What about New, Restrictive Irish Gaming Law?


New proposals include time delays on credit card transactions and restrictions on advertising

More news arrived this week regarding Ireland's reform of land and online gambling sectors, with a number of proposals being filed and reviewed by Justice Minister Alan Shutter.

According to him, the proposals involve time delays on the use of credit cards for online betting, restrictions on gambling advertisements (particularly having in mind those that promote gambling as fashionable or trendy), "due diligence checks" or KYC minimums on customers imposed by operators, and a 12-hour delay between when players register and when they are allowed actually to play.

Then, there were announcements of provisions that include the protection of problem gamblers, such as staff training measures and strict regulations for licensed operators, along with severe penalties for unlicensed operators who risk accessing Irish gamblers.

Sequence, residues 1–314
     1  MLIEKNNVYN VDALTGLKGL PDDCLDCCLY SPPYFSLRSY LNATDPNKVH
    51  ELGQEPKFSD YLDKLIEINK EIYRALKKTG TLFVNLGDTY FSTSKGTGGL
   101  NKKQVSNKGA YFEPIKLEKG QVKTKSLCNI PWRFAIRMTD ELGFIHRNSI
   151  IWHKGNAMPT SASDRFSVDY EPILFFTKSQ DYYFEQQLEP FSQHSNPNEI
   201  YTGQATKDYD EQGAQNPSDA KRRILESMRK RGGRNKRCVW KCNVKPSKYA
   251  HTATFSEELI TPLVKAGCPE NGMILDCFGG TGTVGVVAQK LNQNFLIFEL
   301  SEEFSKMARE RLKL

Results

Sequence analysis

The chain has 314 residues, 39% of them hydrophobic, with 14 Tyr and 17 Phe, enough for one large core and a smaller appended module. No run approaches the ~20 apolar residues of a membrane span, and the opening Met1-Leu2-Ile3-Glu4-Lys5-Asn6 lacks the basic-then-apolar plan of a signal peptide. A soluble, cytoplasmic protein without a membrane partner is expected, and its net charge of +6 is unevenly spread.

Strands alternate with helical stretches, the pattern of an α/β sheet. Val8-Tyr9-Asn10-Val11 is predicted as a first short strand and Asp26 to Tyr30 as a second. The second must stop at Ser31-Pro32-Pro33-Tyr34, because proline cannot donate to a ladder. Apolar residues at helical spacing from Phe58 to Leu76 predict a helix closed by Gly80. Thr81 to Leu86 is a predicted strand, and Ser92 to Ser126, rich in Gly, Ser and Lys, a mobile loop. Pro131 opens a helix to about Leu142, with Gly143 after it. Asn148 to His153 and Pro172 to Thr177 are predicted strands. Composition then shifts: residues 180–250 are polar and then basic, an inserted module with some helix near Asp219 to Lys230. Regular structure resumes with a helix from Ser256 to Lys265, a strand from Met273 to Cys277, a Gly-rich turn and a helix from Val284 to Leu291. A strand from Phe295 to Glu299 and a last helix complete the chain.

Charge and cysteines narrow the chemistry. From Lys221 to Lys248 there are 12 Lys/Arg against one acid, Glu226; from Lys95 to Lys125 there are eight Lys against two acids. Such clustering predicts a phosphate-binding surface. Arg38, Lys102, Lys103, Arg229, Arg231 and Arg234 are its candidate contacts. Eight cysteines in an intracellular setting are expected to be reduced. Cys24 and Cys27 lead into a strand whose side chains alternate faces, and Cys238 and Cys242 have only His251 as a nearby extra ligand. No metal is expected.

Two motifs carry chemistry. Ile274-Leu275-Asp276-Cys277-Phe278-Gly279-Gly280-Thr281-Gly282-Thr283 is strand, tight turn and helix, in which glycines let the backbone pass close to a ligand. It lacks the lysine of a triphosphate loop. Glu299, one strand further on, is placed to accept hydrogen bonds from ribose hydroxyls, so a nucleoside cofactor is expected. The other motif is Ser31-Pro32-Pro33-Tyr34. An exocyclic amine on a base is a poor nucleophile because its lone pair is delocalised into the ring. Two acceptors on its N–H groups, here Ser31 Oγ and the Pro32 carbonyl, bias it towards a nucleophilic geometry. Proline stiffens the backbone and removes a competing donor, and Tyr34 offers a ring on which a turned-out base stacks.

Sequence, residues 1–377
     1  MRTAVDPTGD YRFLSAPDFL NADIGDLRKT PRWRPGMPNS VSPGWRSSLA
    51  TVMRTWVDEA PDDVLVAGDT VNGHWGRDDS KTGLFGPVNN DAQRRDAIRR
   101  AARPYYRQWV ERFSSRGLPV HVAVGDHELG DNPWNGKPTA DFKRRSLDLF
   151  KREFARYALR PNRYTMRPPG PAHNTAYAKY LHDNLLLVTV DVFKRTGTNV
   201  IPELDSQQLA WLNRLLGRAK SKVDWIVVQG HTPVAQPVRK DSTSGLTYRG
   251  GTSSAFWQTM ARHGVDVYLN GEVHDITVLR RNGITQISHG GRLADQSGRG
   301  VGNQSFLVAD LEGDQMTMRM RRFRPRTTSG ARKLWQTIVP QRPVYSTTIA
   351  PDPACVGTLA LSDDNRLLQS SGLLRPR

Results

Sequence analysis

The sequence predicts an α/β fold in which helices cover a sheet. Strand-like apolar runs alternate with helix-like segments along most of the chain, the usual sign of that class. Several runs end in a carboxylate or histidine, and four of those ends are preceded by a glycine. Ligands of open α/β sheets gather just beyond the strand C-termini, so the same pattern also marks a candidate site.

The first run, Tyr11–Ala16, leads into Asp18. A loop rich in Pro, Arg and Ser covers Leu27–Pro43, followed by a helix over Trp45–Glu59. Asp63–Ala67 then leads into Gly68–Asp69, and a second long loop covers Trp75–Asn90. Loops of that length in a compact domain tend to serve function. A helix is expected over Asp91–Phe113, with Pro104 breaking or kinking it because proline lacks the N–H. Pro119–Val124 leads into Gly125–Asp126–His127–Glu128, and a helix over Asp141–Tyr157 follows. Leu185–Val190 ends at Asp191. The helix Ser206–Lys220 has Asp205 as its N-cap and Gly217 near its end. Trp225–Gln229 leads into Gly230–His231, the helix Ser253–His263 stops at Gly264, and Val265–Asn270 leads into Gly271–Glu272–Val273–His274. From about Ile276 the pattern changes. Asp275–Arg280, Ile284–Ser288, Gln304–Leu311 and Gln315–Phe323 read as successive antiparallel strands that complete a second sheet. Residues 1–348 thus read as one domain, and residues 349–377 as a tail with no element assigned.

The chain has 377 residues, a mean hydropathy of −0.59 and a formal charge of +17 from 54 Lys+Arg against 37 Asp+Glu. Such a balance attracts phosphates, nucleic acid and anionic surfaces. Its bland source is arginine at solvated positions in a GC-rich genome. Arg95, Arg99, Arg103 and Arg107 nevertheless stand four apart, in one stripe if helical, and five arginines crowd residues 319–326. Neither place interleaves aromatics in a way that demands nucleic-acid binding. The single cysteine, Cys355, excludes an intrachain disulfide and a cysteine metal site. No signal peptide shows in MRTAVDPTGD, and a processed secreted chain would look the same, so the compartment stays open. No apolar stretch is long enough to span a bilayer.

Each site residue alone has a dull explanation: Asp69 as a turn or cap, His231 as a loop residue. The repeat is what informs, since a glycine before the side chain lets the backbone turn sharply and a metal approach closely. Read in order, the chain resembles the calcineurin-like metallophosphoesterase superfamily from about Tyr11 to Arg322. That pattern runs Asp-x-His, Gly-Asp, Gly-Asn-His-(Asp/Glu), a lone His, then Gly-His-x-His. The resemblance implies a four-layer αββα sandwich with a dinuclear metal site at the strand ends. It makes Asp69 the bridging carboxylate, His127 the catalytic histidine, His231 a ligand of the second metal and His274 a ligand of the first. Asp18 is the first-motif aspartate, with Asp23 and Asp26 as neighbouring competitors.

In addition to this, the proposals’ presenters imply that the new rules should include online confirmation of players’ identity or age or registration for PIN numbers. These changes aim to prevent underage gambling and minors using their parents’ credit cards to gamble.

The new laws, which are not to be implemented until next year, also envisage that there will be no resort-style land gambling premises, in which case plans for a Euro 460 million investment in a super casino in Tipperary will be spoiled.

However, there has been no clear indication on how Irish online betting is to be policed and regulated, which is of greatest interest to operators located offshore.